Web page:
To make a full gateway device, I connected the Pygate module to an old Raspberry Pi (Model B rev. 2) and a GP-736 GPS module that I had laying around. The GPS module unfortunately does not have a 1pps output that can be used for very precise timing. But even it’s limitations this it is sufficient to build an equivalent system to the Corecell reference design, and more importantly, works with the Basic Station software from Semtech.
To go along with Semtech’s Corecell reference design, they also provide the source for an packet forwarder application they call LoRa Basics Station. This software contains the code to drive the SX1308 and SX1257 chips on the Pygate board, and read timing and location information from a standard NEMA GPS data stream and. This application connects a LoRa network server to forward packets between end devices and the LoRaWAN network.
Building the Basics Station software turned out to be fairly straight forward. In fact Semtech have already put in the hard work to get it building on Raspberry Pi, so it’s as simple as:
We will get into configuring and running the software a bit later, as that turned out to be the tricky bit, and requires some understanding of the rest of the network servers.
While the Basic Station software was already set up to drive the whole SX1308/SX1257 chipset at runtime, it didn’t handle everything for me. Specifically, the Pygate board has four input pins that must be driven correctly by the Raspberry Pi before it will work:
- RFPWR_EN: Enable signal to voltage regulator for RF power rail. Needs to be driven high to power RF front-end.
- FEM_EN: Enable signal to RF front-end. Must be driven high before enable front end circuits.
- SX1308_RST: Active high reset for SX1308 chip. Can be driven high to reset SX1308 chip, must be low at runtime.
- SX1257_RST: Active high reset for both SX1257 chip. Can be driven high to reset the SX1257 chips, must be low during operation.
While these possibly could have been tied high and low respectively, I connected these signals to Raspberry Pi GPIO pins and used the following shell script to power up the Pygate board and bring the chips out of reset:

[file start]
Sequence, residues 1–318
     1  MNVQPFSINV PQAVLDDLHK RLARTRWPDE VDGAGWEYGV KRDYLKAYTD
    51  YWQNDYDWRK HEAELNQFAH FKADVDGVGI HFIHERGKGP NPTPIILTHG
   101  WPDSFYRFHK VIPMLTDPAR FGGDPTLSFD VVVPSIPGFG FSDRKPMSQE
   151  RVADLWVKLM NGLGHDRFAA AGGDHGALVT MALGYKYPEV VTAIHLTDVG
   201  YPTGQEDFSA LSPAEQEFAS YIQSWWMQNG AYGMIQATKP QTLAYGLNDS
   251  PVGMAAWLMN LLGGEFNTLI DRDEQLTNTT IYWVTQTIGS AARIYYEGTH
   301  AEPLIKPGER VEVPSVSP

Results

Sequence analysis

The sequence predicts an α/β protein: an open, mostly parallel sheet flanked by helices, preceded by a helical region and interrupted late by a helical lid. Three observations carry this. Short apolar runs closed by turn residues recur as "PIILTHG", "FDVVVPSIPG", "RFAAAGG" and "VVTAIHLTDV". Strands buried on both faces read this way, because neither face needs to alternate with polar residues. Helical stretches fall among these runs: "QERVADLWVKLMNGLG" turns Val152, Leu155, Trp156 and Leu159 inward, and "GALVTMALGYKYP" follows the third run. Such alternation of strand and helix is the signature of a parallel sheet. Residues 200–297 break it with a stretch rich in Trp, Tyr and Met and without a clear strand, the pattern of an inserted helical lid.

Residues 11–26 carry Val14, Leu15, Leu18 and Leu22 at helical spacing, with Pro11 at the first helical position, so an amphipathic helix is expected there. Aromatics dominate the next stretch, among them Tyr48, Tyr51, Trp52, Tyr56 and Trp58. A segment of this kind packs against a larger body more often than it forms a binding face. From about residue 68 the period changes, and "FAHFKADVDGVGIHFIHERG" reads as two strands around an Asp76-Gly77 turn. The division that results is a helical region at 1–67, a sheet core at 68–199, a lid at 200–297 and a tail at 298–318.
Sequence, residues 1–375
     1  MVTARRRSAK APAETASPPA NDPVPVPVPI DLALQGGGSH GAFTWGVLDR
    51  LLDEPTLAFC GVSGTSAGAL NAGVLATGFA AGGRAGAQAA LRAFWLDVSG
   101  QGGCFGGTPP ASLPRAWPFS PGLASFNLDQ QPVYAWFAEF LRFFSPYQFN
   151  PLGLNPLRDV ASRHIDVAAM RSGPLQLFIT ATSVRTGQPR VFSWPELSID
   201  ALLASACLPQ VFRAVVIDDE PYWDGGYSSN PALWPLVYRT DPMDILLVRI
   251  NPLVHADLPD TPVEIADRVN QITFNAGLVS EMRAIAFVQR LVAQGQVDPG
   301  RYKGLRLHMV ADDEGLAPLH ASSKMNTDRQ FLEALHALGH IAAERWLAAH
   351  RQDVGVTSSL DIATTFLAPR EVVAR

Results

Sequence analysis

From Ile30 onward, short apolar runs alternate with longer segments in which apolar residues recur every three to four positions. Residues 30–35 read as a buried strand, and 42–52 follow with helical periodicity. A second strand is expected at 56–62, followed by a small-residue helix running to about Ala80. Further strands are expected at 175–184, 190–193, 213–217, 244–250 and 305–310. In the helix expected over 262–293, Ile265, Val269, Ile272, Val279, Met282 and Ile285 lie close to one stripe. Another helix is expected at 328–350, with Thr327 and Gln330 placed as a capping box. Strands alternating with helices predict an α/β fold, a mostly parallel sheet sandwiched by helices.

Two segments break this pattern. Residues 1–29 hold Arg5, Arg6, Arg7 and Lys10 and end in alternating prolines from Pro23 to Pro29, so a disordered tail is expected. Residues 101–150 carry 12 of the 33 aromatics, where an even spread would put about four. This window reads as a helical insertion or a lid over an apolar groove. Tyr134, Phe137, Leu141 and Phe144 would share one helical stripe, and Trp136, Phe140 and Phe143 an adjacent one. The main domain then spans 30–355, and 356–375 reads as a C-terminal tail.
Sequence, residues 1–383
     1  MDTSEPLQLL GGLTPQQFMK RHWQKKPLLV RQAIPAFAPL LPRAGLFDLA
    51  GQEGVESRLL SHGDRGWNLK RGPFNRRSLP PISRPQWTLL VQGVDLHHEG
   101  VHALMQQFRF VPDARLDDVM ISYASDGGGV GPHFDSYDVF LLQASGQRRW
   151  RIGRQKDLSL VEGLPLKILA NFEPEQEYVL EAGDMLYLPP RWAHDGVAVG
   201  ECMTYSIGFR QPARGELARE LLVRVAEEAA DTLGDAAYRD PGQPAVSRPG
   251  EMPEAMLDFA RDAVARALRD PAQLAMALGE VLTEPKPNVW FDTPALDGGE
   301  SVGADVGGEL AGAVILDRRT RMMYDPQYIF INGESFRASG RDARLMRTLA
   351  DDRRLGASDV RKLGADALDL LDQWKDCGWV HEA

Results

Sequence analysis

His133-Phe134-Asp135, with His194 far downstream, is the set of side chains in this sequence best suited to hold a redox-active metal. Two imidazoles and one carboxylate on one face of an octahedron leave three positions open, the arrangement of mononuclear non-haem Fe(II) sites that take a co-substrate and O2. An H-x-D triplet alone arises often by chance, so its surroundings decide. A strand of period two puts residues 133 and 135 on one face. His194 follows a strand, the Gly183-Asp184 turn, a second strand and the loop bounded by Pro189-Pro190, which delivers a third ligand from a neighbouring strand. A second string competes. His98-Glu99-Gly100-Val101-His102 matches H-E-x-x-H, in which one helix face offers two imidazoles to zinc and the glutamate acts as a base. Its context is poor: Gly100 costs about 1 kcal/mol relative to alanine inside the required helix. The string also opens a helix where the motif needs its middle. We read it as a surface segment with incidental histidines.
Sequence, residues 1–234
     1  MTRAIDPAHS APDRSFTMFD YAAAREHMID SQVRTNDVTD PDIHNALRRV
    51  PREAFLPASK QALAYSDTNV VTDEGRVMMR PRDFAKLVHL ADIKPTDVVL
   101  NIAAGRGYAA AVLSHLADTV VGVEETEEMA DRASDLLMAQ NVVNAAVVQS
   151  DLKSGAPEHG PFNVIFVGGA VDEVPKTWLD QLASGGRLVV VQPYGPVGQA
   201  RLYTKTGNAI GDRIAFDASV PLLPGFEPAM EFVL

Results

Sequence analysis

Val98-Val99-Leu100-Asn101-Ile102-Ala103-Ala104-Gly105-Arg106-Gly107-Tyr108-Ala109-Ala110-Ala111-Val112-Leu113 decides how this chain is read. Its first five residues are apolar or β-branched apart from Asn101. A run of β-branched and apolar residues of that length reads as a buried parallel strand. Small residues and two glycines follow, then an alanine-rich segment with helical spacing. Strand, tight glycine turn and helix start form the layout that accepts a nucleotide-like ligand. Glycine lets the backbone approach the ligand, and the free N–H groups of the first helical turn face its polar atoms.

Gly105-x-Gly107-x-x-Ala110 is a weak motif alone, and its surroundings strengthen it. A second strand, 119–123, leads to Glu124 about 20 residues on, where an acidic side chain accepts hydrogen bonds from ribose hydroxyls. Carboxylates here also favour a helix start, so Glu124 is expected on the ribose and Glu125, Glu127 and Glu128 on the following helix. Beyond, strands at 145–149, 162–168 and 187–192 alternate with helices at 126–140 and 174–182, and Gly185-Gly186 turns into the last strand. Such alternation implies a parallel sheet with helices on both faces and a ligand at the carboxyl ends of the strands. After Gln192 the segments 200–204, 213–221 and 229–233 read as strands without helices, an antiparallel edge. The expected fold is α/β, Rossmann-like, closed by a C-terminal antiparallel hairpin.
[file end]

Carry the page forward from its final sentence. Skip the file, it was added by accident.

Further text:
One advantage of driving these enables/resets from GPIOs is that I can also reset or power down the whole LoRa chipset remotely using another shell script:
With the network hardware figured out, I just just needed the core LoRaWAN servers and an application back-end to send data to. For the LoRaWAN core servers ended up choosing to use ChirpStack. It provides an integrated solution for the full LoRaWAN network core that is simple to self-host, has many back-end integrations out of the box, and is open source. For my back-end application I’m starting with logging messages to an InfluxDB time series database.
All the details of the ChirpStack architecture, can be found in their architecture documentation. Depending on the size of the network, and applications being run over it, ChirpStack can be deployed in different ways, but for my initial setup, this is what I architecture ended up landing on:
ChirpStack On the Gateway
To connect the Semtech Basic Station packet forwarder into the ChirpStack infrastructure we need to use the ChirpStack Gateway Bridge. This acts as a shim between the Semtech LNS protocol used by the Basic Station packet forwarder and the MQTT protocol and API used by ChirpStack2. We have the choice of running the Gateway Bridge either on the Raspberry Pi gateway or on the server with the ChirpStack Network Server, I chose to run it on the Raspberry Pi so that all the external network communication would be happening within the domain of ChirpStack protocols.
Unlike the other ChirpStack components I ended up needing to build the gateway bridge from source, this was because my Raspberry Pi board was old enough that the CPU was not supported by the pre-built ARM binaries. Fortunately this is not too difficult, I just needed to install the Go compiler and run make: